For centuries, white tea has been valued in China for its healing powers and its positive effect on the human body: White tea is said to have a cleaning effect on the body. It is not without reason that white tea is considered the champagne of teas: for a long time, only kings and emperors and their servants were allowed to drink white tea. This had to do with the fact that white tea can only be made from the young buds and leaves of the tea plant: These young buds and leaves were considered particularly valuable.
Only a few growing regions come into consideration for harvesting the young buds and leaves, and the harvest can only take place on a few days in spring: As a result, white tea is one of the most expensive teas in the world.
Even today, the tea variety is considered exclusive: the fact that harvesting is only possible on a few days a year has not changed to this day.
White tea is mainly produced in the Chinese regions of Zhenghe and Fuding, which are considered the original growing regions of white tea. Both regions are located in the Fujian province.
Nowadays, special cultivars, i.e. varieties, are used for the production of white tea: The cultivars Da Bai and Da Hao are cultivated for the production of white tea. Both cultivars are descended from another cultivar known in China as Dai Bai, which is called Great White Tea Bush in Europe.
One often hears the opinion that “real” white tea must come from the Chinese province of Fujian: However, white tea varieties are also cultivated in the tea regions of Sri Lanka, Darjeeling and Kenya, and the products are very popular. If white tea were produced only in Fujian province, the demand on the world market could hardly be met and white tea would be an absolutely exclusive pleasure, as it was a few centuries ago.
To produce white tea, a special process is used: the tea leaves are not cut or rolled at all. The aim in the production of white tea is to process the tea as naturally as possible.
Harvesting and production
When harvesting, it is important to harvest the tea leaves before they form the colouring agent chlorophyll: The absence of chlorophyll makes white tea a very mild tea variety. All other tea varieties are usually harvested when the leaves have already formed chlorophyll.
After harvesting, the tea leaves are spread out on withering mats at low humidity and mild temperatures – until the desired degree of withering is reached, the leaves remain there. The leaves are then dried at relatively low temperatures in special ovens.
The production of white tea is relatively simple compared to other types of tea, but it is natural: This is what makes white tea special and sets it apart from other types of tea.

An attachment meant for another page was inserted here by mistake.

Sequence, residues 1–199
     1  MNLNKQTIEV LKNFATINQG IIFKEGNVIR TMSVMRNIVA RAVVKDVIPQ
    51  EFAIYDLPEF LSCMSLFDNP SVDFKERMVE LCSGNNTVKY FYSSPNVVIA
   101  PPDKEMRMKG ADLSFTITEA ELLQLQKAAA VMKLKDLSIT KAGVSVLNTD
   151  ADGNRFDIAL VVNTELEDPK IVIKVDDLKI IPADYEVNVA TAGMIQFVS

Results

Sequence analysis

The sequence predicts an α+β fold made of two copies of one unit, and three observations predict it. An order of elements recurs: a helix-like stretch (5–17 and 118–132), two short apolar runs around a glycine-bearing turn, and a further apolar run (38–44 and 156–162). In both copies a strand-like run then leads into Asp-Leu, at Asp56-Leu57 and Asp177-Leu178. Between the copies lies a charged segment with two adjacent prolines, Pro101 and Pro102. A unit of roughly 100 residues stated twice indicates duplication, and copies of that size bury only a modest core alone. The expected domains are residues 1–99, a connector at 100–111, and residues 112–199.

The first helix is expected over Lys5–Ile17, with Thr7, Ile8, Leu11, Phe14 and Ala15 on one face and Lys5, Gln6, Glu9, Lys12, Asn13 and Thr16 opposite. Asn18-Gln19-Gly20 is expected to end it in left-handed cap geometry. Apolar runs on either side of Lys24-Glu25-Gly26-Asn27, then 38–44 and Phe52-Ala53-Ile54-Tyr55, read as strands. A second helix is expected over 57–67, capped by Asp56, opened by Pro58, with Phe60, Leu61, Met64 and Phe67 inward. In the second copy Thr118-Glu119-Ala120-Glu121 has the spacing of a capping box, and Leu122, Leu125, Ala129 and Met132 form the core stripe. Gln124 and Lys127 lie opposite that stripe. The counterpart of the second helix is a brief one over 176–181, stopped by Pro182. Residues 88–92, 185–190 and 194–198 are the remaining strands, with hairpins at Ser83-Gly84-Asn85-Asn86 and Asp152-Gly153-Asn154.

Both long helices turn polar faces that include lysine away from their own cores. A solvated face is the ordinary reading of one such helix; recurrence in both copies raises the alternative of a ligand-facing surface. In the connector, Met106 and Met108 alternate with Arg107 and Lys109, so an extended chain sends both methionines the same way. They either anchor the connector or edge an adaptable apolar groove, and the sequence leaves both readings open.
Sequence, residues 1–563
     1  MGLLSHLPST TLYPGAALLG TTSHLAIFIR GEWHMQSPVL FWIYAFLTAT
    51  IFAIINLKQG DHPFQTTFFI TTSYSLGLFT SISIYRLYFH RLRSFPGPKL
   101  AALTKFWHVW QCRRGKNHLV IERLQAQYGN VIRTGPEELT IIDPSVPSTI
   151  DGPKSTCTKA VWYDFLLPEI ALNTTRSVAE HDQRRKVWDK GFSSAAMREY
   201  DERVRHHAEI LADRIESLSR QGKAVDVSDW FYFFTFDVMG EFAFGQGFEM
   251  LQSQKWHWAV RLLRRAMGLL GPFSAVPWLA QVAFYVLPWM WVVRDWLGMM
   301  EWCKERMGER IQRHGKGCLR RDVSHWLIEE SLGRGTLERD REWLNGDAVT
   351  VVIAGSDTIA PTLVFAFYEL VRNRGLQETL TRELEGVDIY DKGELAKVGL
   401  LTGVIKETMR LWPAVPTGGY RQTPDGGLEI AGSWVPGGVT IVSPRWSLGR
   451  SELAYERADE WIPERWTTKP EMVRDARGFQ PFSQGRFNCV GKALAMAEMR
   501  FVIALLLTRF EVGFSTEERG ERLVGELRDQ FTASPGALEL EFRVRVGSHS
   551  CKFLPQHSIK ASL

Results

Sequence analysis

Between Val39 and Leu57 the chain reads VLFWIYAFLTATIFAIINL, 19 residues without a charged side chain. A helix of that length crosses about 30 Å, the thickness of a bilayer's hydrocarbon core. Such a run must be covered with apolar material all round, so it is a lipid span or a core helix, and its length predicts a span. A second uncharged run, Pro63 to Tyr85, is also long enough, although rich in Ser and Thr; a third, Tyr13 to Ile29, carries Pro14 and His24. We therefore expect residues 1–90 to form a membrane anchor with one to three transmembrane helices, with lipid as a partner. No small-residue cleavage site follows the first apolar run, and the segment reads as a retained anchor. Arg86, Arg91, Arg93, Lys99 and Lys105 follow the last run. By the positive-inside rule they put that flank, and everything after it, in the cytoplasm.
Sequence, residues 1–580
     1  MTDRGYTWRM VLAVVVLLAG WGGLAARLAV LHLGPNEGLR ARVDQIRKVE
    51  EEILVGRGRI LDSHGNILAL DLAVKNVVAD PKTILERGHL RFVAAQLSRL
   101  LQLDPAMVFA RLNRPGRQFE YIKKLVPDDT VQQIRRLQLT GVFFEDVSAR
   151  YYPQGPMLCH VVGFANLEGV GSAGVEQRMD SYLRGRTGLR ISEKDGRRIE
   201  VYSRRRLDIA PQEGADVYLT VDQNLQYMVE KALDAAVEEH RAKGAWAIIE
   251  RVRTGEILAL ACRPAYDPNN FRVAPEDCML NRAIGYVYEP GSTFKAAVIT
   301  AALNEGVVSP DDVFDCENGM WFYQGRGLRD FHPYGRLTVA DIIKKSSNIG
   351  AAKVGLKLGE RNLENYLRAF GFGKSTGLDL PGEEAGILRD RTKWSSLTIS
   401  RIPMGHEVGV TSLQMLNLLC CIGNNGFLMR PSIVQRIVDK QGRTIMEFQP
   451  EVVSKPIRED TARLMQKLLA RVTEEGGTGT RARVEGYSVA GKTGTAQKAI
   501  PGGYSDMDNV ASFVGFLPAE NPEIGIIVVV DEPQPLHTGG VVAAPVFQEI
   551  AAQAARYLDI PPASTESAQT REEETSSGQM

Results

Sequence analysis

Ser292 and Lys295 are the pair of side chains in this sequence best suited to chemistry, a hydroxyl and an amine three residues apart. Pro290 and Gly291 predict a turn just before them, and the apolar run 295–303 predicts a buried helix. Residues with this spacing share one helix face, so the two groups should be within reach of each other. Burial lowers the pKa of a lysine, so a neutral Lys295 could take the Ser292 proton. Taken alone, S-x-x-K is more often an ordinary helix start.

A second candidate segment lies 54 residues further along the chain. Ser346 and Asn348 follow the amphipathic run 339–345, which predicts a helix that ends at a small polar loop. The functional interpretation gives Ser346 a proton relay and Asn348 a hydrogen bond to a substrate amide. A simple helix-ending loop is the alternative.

Bai Hao Yin Zhen
Bai Hao Yin Zhen is the most exclusive white tea variety in the world: the tea is made exclusively from young, not yet opened tea buds. The harvesting of Bai Hao Yin Zhen is mostly done by hand: a few centuries ago, it was traditional to hold back the harvest of a few, not yet opened tea buds as a tribute to the emperor. This is how the luxurious image of this white tea variety developed, which is valued among tea connoisseurs as one of the most exclusive teas. Depending on the variety, several tens of thousands of buds are needed to produce one kilogram of this coveted tea. Not least the great amount of work behind the production of white tea justifies the high price of the product.
Pai Mu Tan
Pai Mu Tan (roughly White Peony) is also a highly sought-after white tea variety. To produce Pai Mu Tan, one bud and two already opened leaves are plucked. The use of the two opened leaves in tea production provides a more complex flavour, which is why Pai Mu Tan is sometimes even preferred to the rarer Bai Hao Yin Zhen. There are a few other white tea varieties, but they are not nearly as highly regarded among tea connoisseurs as Bai Hao Yin Zhen and Pai Mu Tan.
If one is interested in white tea, Pai Mu Tan is often the first variety that tea enthusiasts come across.
Preparation and tradition
When preparing white tea, it is recommended to use water at 75 to 80 degrees Celsius. For very high-quality white teas, you should use water with a temperature of only 70 degrees.
Often, white tea in loose form should be left to steep longer than other types of tea: this is due to the fact that white tea is not rolled during production.
Tea connoisseurs tend to believe that when preparing white tea, one should resort to the traditional Chinese method of preparation called Gong Fu Cha: This preparation method refers to infusing the tea several times to achieve maximum flavour. For white tea, this method of preparation is preferable to the classic European method of brewing.
The traditional medicine of China sees in white tea above all a cooling effect and a detoxifying influence on the body. It is not uncommon to read that white tea is supposed to support a healthy diet: After all, kings and emperors drank the extravagant tea product thousands of years ago, and not without reason.
Cover picture: © Simon von Ludwig